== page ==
Sunday, May 4, 2008

You Already Believe in Purgatory

I was reading St. Augustine's City of God yesterday, considering his arguments for how the Christian faith was not mocked despite the fact that Rome was sacked by invading hosts, when a seemingly unrelated concept became quite clear.

In book I chapter VIII, he discusses how trials and judgments themselves do not produce a lack of faith or faith in and of themselves. The real question is who the person suffering is. Let me stop summarizing and quote a portion of the chapter here:

Wherefore, though good and bad men suffer alike, we must not suppose that there is no difference between the men themselves, because there is no difference in what they both suffer. For even in the likeness of the sufferings, there remains an unlikeness in the sufferers; and though exposed to the same anguish, virtue and vice are not the same thing. For as the same fire causes gold to glow brightly, and chaff to smoke; and under the same flail the straw is beaten small, while the grain is cleansed; and as the lees are not mixed with the oil, though squeezed out of the vat by the same pressure, so the same violence of affliction proves, purges, clarifies the good, but damns, ruins, exterminates the wicked. And thus it is that in the same affliction the wicked detest God and blaspheme, while the good pray and praise. So material a difference does it make, not what ills are suffered, but what kind of man suffers them. For, stirred up with the same movement, mud exhales a horrible stench, and ointment emits a fragrant odor.

As I read this, it struck me that in many senses this is proof that all Christians believe in purgatory. The common objection to it is that Christ forgave our sins on the cross, and that any further suffering is therefore unnecessary. But that overlooks the roots of the word purgatory. Just as Augustine mentions that affliction "proves, purges, clarifies" the good, it's true that forgiven people still suffer on this earth. And woe if you think that it is purposeless would be utterly meaningless if there was no positive end result of the negative things we often endure.

And yet, that is exactly the Catholic doctrine of purgatory. In technical terminology, it would state that "temporal punishments due to sins" are inflicted through this intermediate state, but on a more philosophical level, it's what all Christians understand, albeit intuitively at times.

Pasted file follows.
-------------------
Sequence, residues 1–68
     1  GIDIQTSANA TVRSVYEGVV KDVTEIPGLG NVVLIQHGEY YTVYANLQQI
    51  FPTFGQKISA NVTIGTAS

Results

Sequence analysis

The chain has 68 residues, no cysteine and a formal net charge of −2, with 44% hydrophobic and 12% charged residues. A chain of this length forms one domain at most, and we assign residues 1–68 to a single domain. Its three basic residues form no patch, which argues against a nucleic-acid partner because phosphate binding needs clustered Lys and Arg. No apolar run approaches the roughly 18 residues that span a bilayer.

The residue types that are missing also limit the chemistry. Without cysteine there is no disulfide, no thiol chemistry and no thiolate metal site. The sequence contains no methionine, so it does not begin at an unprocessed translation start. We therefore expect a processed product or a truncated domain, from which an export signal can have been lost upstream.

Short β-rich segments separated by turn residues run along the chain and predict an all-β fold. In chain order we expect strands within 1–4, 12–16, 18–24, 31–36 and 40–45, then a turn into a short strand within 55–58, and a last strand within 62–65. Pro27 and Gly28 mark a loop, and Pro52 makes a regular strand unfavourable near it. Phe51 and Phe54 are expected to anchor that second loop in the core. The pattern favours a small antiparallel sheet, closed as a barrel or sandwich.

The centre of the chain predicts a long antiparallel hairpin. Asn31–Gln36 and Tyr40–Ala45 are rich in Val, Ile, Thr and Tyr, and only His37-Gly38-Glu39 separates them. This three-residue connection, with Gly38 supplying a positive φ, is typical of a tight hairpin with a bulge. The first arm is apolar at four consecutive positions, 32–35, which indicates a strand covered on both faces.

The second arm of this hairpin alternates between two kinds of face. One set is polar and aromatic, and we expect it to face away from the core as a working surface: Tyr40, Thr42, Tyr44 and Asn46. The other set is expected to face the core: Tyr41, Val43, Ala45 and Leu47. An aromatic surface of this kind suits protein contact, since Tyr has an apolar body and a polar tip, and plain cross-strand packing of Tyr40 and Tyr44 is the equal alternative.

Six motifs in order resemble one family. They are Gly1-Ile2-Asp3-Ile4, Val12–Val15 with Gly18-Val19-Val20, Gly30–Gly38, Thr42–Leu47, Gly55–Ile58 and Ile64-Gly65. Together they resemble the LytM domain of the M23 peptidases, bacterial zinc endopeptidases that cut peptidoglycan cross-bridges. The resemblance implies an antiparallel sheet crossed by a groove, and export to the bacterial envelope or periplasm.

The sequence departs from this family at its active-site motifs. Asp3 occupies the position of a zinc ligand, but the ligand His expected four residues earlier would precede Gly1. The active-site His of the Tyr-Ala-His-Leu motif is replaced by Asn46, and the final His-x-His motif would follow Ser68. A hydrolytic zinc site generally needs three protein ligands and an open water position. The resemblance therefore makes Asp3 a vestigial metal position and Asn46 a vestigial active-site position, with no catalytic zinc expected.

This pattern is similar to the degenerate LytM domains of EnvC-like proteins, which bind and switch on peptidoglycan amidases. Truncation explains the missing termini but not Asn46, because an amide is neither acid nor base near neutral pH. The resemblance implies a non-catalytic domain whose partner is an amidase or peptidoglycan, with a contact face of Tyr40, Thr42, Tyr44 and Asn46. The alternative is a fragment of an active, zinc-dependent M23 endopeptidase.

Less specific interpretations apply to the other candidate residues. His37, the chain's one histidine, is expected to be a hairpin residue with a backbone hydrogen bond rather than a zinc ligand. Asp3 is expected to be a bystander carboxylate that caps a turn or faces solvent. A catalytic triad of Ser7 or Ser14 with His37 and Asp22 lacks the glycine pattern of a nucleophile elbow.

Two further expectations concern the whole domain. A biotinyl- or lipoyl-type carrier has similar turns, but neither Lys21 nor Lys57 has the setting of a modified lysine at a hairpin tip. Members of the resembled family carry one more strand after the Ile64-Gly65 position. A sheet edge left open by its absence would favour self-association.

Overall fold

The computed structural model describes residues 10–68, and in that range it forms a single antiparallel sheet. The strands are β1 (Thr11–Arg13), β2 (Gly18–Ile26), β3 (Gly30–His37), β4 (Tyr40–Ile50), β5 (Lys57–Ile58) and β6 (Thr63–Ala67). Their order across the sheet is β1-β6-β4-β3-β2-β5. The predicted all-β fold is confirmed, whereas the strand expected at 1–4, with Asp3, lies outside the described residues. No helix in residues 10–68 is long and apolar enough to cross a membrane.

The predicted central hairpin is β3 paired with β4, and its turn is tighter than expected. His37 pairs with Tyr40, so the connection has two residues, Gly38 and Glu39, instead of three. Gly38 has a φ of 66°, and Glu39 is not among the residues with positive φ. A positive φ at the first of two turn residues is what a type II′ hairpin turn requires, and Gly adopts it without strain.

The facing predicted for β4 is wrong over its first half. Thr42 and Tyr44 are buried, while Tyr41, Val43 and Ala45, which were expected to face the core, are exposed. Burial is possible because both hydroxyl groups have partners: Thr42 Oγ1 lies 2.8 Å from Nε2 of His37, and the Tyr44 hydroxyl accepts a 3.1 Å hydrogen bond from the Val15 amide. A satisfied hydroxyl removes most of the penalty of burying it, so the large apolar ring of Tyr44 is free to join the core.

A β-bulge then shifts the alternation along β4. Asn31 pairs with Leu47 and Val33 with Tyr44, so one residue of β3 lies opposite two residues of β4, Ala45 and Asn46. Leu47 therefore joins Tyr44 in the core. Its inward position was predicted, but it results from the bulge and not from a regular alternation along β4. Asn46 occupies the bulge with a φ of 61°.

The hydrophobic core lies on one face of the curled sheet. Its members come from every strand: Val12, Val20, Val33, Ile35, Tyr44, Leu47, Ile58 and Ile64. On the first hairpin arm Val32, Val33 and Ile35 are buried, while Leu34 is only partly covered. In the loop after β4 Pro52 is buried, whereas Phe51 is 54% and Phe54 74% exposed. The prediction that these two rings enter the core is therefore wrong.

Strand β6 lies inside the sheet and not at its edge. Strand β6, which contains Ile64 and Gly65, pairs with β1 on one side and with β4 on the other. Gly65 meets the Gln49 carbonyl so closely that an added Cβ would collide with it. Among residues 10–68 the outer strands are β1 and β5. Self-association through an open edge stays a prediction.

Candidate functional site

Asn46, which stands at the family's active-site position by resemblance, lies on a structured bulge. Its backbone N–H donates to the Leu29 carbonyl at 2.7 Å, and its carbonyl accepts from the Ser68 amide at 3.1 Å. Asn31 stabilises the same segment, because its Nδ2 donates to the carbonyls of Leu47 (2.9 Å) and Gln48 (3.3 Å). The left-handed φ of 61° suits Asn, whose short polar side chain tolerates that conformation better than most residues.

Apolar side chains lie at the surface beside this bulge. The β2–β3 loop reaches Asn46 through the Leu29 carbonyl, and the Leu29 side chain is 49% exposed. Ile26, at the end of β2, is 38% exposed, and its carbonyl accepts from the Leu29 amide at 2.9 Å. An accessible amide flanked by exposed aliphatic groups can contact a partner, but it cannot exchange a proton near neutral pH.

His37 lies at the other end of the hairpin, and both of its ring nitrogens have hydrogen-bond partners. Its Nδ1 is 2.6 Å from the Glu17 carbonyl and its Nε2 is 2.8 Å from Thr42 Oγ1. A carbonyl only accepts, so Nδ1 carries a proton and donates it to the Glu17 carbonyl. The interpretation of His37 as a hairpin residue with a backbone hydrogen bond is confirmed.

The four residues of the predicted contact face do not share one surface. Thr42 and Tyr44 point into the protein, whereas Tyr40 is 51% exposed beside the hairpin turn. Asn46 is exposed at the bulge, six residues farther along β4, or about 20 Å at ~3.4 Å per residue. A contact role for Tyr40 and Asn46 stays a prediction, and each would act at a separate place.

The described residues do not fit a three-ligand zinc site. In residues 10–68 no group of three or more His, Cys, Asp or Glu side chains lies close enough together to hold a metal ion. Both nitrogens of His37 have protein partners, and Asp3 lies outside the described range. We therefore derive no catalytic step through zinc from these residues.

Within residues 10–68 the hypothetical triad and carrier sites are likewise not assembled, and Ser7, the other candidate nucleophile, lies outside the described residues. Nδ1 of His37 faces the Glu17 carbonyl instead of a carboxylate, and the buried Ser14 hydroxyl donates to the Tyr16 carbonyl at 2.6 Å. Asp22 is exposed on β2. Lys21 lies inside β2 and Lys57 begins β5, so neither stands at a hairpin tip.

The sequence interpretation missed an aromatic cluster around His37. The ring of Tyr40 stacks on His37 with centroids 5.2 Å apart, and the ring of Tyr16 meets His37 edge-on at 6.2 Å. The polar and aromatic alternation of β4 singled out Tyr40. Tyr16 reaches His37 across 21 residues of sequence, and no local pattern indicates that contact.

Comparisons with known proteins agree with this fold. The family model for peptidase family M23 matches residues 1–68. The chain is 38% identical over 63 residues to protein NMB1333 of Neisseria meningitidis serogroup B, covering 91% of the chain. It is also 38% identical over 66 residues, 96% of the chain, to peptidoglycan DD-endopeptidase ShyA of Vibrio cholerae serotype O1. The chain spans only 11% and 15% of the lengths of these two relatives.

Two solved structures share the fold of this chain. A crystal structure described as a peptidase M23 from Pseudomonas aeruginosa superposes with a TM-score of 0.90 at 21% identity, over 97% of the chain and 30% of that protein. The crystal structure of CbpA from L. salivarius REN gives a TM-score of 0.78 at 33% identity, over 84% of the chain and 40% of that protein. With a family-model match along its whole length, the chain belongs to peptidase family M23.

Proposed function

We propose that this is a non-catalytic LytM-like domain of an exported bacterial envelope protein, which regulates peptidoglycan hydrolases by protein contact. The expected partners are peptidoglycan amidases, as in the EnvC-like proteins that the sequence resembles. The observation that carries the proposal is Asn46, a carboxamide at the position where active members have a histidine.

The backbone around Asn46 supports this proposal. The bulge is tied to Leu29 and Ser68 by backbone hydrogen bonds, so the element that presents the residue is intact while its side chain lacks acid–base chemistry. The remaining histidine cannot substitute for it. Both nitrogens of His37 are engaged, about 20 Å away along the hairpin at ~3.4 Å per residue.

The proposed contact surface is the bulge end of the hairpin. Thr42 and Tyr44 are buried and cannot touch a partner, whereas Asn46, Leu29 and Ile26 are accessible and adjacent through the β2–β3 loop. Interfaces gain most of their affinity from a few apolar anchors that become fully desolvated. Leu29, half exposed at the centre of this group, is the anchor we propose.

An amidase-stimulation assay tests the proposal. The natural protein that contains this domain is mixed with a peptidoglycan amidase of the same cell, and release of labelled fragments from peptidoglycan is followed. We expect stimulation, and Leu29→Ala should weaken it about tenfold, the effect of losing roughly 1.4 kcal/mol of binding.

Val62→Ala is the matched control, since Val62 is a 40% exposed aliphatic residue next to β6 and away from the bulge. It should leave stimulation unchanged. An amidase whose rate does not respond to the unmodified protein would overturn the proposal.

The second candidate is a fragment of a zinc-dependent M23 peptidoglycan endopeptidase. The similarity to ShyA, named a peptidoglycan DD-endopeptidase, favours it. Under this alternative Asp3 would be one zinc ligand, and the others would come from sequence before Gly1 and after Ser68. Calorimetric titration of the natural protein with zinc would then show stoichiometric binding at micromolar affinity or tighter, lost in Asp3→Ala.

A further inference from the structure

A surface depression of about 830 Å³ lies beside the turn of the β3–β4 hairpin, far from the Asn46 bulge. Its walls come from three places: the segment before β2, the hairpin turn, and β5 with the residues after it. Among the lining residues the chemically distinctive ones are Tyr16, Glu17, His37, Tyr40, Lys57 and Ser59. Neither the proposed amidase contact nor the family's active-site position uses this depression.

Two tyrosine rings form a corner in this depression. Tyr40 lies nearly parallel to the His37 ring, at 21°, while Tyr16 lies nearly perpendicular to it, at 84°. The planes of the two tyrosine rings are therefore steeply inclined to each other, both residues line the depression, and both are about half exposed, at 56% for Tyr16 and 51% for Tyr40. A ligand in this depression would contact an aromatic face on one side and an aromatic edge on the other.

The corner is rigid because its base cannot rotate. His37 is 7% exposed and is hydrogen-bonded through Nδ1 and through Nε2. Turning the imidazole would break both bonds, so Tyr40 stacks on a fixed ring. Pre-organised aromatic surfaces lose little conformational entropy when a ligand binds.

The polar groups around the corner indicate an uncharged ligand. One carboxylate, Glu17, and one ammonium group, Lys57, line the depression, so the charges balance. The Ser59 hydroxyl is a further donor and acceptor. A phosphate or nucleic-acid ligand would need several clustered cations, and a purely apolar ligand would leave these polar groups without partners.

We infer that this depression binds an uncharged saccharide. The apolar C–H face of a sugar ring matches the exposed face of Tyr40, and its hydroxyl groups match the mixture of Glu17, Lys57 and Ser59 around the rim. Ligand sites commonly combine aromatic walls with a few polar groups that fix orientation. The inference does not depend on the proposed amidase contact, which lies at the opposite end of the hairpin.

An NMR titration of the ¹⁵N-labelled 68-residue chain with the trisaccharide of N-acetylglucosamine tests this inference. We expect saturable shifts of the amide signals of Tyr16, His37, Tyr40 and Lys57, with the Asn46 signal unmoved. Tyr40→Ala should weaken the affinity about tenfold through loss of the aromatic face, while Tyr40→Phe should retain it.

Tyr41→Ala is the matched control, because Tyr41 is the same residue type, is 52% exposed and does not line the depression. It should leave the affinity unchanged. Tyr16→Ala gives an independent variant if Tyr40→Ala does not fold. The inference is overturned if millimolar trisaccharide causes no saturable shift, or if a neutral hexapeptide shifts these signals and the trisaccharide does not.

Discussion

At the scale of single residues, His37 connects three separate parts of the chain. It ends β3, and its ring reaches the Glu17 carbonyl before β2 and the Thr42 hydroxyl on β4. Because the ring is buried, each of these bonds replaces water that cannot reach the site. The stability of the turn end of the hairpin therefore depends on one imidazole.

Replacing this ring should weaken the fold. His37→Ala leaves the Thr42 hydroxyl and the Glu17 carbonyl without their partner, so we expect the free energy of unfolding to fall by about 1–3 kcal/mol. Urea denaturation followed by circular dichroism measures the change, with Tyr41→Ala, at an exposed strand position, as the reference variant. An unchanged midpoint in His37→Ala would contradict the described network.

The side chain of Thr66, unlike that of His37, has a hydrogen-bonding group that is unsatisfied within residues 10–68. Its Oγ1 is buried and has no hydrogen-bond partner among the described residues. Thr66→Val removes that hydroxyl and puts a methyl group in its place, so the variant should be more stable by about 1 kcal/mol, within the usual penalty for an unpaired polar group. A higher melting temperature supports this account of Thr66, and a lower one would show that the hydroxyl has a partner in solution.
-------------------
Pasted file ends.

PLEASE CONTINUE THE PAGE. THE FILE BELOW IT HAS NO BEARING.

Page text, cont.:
We are full of vices that we wish would leave us, and at moments of trials we come closer in our faith and trust in God. While the struggle will never end on earth, we long for the day when that struggle will cease. So what is so unnatural about positing that if someone were to die with loads of consequences due to sin within their soul, that they would be purged after death in the same way that this happens on earth? This is, of course, keeping in mind the fact that this person is forgiven in a "legal" sense-in fact, if there was no beginning of God's good work in us, how could there be a completion that is not only whatever state one happens to be in at death, but is truly and really complete, where we are just as holy as Christ himself? What is unnatural about saying that that person would be glorified through a purging of any bad thing that was sown?

When bad things happen many evangelicals will interpret this by saying that this is a sad result of "reaping what you sow". Likewise, it strikes me that if someone were to die without being fully transformed into the image of Christ that there must be a purgation. More standard Reformed/Protestant systematic theology would divide salvation into justification, sanctification, and glorification. But as I'm growing through my years I am seeing that these are not as isolated or cookie cutter as one would think. There is glory that comes to God's people as they grow up even before death, for example.

The point is that if one believes that glorification is true, one believes in purgatory. For to gain in glory is merely the converse of decreasing in shame-the shame that comes through prayerlessness, despair, wickedness, and the like. As for me, I hope that I go through some process that applies the objective truth of the Cross to my subjective self fully. Whether it's through growing wiser, the full apprehension of my mortality as I am dying, or through some intermediate state, or through a complex combination of these and other things as I would imagine it will be, I want to be more like Christ. And if that's what purgatory means, as I would argue, then all Christians already do believe in purgatory.

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